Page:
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North High School’s Autumn Moder
Tri-sport athlete, homecoming queen, student rep, ASL advocate
Packed into North High School’s gymnasium for a homecoming pep fest, a bunch of students pay special tribute to their homecoming queen by erupting into silent applause. Enthusiastically waving their extended hands above their shoulders -- signing their applause -- they celebrate Autumn Moder’s achievement as the school’s first deaf royalty member.
Moder can hear the hoots and hollers echoing off the walls because she can hear, albeit with some difficulty, out of her left ear. The display of solidarity, however, encapsulates the positive impact she’s had on the student body.
“I was surprised that I got it,” Moder says. “But it was cool.”
Deafness is a part of this popular tri-sport athlete’s identity that she takes pride in sharing with others, whether it’s through interactions with her teammates or by encouraging students to enroll in the school’s first American
Sign Language class, which she and her family helped establish.
“We’re proud of Autumn. She’s making both a current impact and she’s going to leave a legacy,” principal Greg Nelson says. “It’s certainly her family that was part of a movement to bring American Sign Language here. That’s been an absolute stunning success, even in its first year.”
But this senior may not yet fully realize the extent to which she’s affected the lives of those around her. She seamlessly navigates the hearing community, along with the deaf community, and sets her goals high.
“I feel original, I guess. It’s different,” Moder says, noting most people are surprised to learn she’s deaf. “It’s my ‘fun fact.’”
A hereditary trait
Growing up in a deaf household, Moder learned to sign by watching her parents, Mike and Dawn, communicate before she began to talk. Her brother Dawson, 15, attends the Minnesota State Academy for the Deaf in Fairibault, where he, too, plays basketball. The youngest sibling, Everitt, 13, attends Maplewood Middle School. Both Everitt and Moder transition from talking at school to signing at home, where hands move faster than lips.
Moder’s talent for teaching began at home, where she’d often help Dawson learn how to pronounce words. When he couldn’t get their dog’s attention by calling its name, she held his hand up to her throat so he could copy the vibrations, along with her mouth movements to say “Purple.”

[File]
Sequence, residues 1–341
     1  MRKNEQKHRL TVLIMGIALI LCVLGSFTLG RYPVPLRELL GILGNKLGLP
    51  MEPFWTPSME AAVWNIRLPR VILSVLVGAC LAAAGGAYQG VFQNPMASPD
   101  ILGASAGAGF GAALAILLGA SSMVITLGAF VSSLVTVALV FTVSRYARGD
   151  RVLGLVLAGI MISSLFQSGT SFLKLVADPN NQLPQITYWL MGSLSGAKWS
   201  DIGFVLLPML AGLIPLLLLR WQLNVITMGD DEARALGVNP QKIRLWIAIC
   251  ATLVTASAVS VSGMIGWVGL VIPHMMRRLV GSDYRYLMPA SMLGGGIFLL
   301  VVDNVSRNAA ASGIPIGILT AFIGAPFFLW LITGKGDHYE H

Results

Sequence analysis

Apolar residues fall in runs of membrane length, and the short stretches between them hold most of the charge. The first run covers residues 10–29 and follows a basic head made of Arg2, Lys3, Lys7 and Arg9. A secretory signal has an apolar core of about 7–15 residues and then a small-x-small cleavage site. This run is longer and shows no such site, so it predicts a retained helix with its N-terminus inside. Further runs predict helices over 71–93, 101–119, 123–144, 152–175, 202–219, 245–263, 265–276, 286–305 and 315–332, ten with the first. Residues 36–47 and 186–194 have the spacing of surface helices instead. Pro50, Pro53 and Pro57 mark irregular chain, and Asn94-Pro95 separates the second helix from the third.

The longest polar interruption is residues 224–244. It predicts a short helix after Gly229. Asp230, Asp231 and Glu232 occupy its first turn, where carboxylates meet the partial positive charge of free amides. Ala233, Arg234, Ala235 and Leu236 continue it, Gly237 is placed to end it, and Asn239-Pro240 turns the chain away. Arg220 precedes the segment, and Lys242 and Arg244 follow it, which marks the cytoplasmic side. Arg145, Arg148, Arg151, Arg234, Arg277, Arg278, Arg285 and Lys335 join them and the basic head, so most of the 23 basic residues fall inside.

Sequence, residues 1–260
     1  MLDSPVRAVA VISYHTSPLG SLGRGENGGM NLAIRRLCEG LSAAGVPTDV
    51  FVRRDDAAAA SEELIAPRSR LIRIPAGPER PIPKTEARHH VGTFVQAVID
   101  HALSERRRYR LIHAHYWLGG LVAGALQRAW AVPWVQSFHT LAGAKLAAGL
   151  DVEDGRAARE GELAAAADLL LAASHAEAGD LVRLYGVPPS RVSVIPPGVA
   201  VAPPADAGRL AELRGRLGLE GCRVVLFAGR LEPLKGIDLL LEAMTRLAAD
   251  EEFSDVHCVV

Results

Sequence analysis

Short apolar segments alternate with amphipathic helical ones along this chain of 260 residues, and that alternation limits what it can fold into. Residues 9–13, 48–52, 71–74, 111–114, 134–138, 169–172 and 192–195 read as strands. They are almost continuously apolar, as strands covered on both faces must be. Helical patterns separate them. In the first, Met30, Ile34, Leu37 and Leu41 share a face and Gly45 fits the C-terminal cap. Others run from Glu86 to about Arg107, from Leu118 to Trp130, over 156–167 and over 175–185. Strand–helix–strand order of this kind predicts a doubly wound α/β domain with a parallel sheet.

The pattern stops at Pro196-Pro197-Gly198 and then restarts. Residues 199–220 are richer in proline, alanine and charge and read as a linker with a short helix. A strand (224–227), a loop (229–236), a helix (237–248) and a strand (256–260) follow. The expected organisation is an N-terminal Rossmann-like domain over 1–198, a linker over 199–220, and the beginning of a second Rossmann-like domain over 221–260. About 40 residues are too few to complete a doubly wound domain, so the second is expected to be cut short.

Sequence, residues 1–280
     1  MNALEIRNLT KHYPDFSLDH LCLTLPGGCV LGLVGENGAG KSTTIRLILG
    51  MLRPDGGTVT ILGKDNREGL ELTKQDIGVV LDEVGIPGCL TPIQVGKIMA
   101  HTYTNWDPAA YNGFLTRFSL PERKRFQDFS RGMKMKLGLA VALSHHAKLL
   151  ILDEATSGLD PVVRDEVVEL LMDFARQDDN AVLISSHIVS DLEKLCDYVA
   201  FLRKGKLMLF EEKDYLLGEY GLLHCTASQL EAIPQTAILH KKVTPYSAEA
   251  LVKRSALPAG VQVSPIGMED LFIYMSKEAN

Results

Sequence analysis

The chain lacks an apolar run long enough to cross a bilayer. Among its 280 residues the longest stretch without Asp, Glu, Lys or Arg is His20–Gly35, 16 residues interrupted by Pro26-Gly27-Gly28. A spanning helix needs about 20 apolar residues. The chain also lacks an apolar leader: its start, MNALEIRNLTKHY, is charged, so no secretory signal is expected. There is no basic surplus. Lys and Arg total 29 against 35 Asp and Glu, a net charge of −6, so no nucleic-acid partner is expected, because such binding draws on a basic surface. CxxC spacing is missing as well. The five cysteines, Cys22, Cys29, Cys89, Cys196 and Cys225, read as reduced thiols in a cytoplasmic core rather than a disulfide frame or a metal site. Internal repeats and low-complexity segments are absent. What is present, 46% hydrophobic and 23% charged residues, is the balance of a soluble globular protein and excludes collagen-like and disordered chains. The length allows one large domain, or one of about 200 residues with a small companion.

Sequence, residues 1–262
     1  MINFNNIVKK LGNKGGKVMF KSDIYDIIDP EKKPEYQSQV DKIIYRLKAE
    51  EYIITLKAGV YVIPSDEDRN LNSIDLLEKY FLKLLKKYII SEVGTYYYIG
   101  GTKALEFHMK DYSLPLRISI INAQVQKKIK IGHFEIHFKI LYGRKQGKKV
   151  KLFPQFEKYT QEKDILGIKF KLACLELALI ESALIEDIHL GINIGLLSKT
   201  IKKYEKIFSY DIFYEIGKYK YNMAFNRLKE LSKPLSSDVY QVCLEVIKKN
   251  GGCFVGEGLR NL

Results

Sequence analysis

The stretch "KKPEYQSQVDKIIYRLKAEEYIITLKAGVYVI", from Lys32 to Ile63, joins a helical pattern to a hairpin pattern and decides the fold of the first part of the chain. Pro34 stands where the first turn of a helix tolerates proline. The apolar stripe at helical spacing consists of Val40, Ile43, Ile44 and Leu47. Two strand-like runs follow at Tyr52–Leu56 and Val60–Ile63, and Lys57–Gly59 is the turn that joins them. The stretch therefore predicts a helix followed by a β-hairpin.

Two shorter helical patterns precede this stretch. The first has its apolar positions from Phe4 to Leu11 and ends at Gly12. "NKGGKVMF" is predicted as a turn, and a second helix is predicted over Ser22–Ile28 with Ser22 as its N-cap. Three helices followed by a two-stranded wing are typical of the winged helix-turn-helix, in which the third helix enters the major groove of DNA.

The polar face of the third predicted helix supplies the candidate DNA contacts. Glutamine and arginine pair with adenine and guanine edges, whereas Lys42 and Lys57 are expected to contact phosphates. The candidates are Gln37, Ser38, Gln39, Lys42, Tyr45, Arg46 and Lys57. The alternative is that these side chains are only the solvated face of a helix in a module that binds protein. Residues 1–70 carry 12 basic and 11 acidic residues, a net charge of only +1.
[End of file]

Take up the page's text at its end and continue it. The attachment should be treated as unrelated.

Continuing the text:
Apart from some subtle modifications, like a doorbell that triggers a blinking light and a video phone service hooked up to their television, the Moder household resembles that of any other family of active kids and proud parents. Photos of Moder and her brothers adorn the hallway. In the basement, her dad’s display of wrestling trophies serves as a source of motivation for all three kids to compete in school athletics.
“My dad pushed me a lot,” Moder says. “I wouldn’t be where I am without his encouragement -- being able to accept myself and push myself to go past my limits.”
‘I can speak for myself’
During her middle school years, Moder attended Maplewood Middle School, playing basketball for both her school’s team and a team with the Metro Deaf School. Approaching her freshman year, she had a difficult choice to make -- to continue playing for a deaf team or to pursue varsity sports at a hearing school. She decided to attend North High School, investing her talents and competitive energy in varsity sports and academics.
At North, she found a comfortable fit, where she’s confident in her own abilities but secure enough to speak up when she needs clarification.
“In high school, people were a lot more accepting,” she says, adding, “The most common word in my vocabulary is ‘What?’”
Along the way, Moder has learned to advocate for herself, with peers and adults.
For instance, back in middle school, she had used hearing aids through sixth grade, and then requested to use a classroom interpreter instead.
“I had a hard time getting an interpreter because I was getting good grades,” she says, adding she had to convince the school that hearing aids weren’t ideal.
In lecture-based classes, Moder says she relies on her interpreter to retain the information she may have missed. It’s an important resource, but she holds herself accountable for participating in class discussion and doing her work.
“I can speak for myself,” she says.
She gravitates toward math and science classes, including physics, AP calculus, AP statistics and CIS composition this trimester.
Her advanced chemistry teacher, Jody Murphy, says Moder showed a great deal of independence and ambition in class. They joked that Moder, a self-professed klutz, was a bit of a hazard in the lab, but she worked hard, even when the material was challenging.
“If she doesn’t understand something, she will ask,” Murphy says. “She always went above and beyond.”
Murphy also advises the student council, which Autumn actively participates in, along with the National Honor’s Society.
Finding an outlet in sports